I've attached below Rick's reply to this thread. Rick Carback is a member of the PunchScan team.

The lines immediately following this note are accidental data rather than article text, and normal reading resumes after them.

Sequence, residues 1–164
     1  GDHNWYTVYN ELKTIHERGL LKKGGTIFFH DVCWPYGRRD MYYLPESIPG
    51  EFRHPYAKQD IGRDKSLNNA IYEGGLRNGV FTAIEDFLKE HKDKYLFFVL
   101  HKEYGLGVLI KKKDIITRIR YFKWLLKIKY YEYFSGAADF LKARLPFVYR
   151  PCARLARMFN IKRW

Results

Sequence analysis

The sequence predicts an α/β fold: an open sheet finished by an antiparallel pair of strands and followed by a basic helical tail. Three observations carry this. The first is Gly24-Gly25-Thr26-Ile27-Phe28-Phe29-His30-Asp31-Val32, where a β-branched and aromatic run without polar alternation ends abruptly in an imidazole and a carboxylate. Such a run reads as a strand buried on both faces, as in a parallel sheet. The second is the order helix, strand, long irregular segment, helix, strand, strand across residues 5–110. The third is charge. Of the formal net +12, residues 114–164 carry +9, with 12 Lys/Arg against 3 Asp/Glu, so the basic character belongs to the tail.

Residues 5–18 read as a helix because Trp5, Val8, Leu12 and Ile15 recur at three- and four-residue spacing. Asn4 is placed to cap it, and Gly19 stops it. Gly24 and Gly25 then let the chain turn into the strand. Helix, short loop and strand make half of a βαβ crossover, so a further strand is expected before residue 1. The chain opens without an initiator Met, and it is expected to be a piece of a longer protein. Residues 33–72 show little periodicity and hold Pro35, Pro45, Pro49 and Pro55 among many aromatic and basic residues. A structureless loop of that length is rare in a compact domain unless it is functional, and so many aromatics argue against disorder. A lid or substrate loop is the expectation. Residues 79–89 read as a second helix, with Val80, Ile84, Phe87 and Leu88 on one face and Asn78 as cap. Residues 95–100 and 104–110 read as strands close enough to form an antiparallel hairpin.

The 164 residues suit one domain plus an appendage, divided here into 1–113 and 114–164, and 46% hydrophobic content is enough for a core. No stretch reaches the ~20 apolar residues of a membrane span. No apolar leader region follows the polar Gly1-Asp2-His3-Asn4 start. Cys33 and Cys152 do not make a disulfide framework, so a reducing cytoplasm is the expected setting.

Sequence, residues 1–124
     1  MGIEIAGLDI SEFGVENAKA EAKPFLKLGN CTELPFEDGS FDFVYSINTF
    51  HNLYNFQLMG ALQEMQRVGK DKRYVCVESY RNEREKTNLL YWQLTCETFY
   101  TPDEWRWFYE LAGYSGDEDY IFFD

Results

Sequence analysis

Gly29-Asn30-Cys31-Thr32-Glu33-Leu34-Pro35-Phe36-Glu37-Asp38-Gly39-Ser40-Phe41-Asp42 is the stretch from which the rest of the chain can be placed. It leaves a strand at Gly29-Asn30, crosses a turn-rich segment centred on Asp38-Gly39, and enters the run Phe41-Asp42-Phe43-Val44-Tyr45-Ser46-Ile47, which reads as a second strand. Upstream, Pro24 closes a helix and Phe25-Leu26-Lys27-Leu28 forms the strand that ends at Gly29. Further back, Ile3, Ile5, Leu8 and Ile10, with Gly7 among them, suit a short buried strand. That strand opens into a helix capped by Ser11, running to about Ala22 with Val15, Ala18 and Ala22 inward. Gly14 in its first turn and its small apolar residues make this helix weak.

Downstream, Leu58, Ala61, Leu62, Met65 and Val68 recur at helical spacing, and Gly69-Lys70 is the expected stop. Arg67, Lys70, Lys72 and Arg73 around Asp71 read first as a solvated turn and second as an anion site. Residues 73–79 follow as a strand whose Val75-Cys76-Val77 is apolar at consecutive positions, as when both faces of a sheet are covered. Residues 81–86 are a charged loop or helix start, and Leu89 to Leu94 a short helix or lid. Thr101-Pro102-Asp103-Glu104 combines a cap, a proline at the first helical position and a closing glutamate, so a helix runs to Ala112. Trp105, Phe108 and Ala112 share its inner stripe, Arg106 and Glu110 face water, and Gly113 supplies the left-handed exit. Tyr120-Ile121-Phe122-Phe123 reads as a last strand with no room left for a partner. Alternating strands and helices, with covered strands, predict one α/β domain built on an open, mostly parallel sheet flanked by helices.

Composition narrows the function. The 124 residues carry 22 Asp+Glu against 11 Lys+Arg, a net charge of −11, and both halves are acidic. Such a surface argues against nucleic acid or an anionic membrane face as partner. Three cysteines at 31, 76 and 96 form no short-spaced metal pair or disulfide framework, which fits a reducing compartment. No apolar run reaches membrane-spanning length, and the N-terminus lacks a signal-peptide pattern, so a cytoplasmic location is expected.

- Taral ---------- Forwarded message ---------- From: Rick Carback Date: Dec 16, 2007 12:01 PM Subject: Re: Fwd: Fwd: PunchScan voting protocol I think there are some misconceptions/assumptions in play here about the privacy available in current systems. Punchscan was designed to provide an unconditional levels of integrity into the voting process, not to improve privacy over the status quo. Election officials, ultimately, are still responsible for protecting the privacy of voters. The cryptography is meant as a tool to be used by election officials that prevents anyone from arbitrarily changing vote totals without getting caught. I do not think that Punchscan is noticeably worse than current systems in terms of privacy protection and it is still unclear to me if there is any real difference at all. As for specific responses: "Well, that's the right question. That's the sort of question the punchscan team should be asking themselves, and answering in more detail that I have heretofore seen. What threats does punchscan claim to defend against? What threats does it leave to be mitigated by other (non-punchscan) means?" We have talked about this stuff and published it -- we're still talking about it, see: http://punchscan.org/papers/ibs_carback.pdf http://punchscan.org/papers/receipts_clark.pdf http://punchscan.org/papers/patterns_popoveniuc http://punchscan.org/papers/pip_essex.pdf There will be more publications in the future. Also, you might want to check out our VoComp submission: http://punchscan.org/vocomp.php Unlike any other team at the competition, we were more careful with our claims and our analysis of our system. Part of that is the reason why we won. "As an example: Let's look at the plant where the ballots are printed. Suppose somebody attaches a tiny "spy camera" to the frame of one of the printing presses, so as to obtain an image of both parts of the two-part ballot (for some subset of the ballots)." In a traditional system, you can put the spy cameras in the polling place so you can watch each voter vote. That will allow you to *directly* target and identify each voter in a location where election authorities exert *less * control over the surrounding environment. By contrast, attacking the printer provides you with a decryption of the ballots but not who used them -- you still have to go out and find each voter, and the only reliable way to do that is to catch them in the act of voting, because they could have got rid of the receipt or swapped it (Alternatively, receipts could be given to third parties, e.g. LWV, this is what EPIC suggests). In that sense, this example is unrealistic. This is especially true when you include machines in polling places that know how voters vote (in punchscan, they don't), and the myriad of ways a voter could expose their choices to a coercer. See: http://punchscan.org/blog/?p=6 http://punchscan.org/blog/?p=7 The comment about "partial exposure risk" looks like a misunderstanding, so I'll ignore it.... "Ah yes, but what is being assumed about the /properties/ of this Election Authority? Is the EA omnipresent and omnipotent, like the FSM, or does it have boundaries and limitations? For example, does it ever need to rely on employees or subcontractors?" This information is in the original papers, but the EA is responsible for generating the data, supervising the printing and packaging (which should include tamper-evident protections), and coordinating the shipment of ballots to polling places. Essentially, all the things a central authority would be responsible for in a current optical scan system. It would also be responsible for generating keys for the scanning equipment and controlling authentication to the bulletin board, but that is all part of the bulletin board component that could be generic to any E2E system. I might post this to the blog, but I am sort of busy. I will let you know when/if I do. -R --------------------------------------------------------------------- The Cryptography Mailing List Unsubscribe by sending "unsubscribe cryptography" to [EMAIL PROTECTED]